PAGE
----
I have always had a difficult time keeping my mind focused early in the morning. In recent times, I’ve gotten into the practice of putting on a pot of coffee and then taking a 30 – 45 minute walk. In my walk, I talk to God. Later, in the course of the day, I make a time to dip into His word.

2. Seek out positive, supportive people

You’ll need people around you more than you think. I found a local chapter of CBMC, and treated our weekly prayer breakfasts as a support group. I never found much support from the local church, but was able to come across Christians in the workplace who understood. A regular lunch or coffee with a Christian friend can work wonders for your state of mind.
This is not a time to be a lone ranger. Seek out positive people and assertively connect with them.

3. Exercise

I know, you are thinking “Where did that come from?” Exercise keeps you thinking correctly, helps to defeat depression, and gives you energy. Those are all things you need.

Plus, in a time when nothing is going well for you, and you are doubting your abilities to do anything, exercise gives you a feeling of accomplishment and a sense of success, if only in small bits.

4. Be especially open to new ideas, new people, and new circumstances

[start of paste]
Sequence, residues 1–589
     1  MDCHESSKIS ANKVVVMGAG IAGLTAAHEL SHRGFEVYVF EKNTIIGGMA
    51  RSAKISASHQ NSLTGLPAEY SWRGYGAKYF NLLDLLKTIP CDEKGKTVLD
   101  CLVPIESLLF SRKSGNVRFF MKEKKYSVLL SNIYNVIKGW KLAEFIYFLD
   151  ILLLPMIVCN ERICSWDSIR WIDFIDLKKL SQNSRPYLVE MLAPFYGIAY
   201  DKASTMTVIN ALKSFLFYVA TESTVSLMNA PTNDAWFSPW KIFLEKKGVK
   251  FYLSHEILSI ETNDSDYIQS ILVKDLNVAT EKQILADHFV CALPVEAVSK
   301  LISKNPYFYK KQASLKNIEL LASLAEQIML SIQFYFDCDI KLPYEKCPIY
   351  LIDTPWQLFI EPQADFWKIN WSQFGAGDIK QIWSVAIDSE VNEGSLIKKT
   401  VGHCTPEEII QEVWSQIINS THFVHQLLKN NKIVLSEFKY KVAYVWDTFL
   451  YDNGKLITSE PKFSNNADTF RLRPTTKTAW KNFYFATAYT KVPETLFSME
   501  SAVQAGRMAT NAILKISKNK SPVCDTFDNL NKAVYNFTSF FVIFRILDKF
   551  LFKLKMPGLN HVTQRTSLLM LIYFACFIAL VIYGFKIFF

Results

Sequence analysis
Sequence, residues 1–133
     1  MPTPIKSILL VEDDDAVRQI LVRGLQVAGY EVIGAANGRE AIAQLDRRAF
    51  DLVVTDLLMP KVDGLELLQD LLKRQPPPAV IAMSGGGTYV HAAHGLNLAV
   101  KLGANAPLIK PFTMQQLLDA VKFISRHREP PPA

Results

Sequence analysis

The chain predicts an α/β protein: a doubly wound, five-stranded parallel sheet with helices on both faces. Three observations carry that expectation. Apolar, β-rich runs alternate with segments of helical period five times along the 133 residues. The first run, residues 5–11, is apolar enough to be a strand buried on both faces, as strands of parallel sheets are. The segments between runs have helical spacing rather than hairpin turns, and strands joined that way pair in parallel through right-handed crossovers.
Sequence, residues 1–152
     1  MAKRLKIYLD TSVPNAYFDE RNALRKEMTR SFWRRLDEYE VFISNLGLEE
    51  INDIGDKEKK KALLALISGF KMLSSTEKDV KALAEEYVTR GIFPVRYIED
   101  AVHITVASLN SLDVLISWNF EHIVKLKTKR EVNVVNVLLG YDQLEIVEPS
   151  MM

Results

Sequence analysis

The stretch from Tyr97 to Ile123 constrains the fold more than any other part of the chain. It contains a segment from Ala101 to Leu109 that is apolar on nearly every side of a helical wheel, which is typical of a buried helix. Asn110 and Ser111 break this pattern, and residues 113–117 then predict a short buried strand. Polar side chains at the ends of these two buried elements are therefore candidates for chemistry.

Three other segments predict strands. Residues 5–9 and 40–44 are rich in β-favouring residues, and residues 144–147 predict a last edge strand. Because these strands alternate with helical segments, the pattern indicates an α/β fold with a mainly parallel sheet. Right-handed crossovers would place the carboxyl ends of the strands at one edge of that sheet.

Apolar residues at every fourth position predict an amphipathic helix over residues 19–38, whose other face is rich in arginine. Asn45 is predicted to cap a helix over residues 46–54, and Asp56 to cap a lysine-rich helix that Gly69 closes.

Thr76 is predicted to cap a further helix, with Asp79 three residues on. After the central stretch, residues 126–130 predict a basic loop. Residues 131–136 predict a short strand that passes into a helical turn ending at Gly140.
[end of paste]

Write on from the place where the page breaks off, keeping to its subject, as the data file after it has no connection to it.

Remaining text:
The breakthrough will most likely not come through people and things that you have known and done in the past. Rather, it is often someone you don’t yet know and something you have not yet done. Be open to the new things flitting about your life.

5. Look internally

Remember, God is using this time to do a work in you. Ask God to show you how He wants you to change. See if you can’t identify the work He is doing in you, and join in the process.

6. Finally, know that God loves you

Know that He is aware of your circumstances, that He is working in the world to achieve His purpose, and that you have a significant part to play in that great world-wide, multi-generational work. At some point, you’ll be on the other side of this, and you’ll look back and be thankful for it.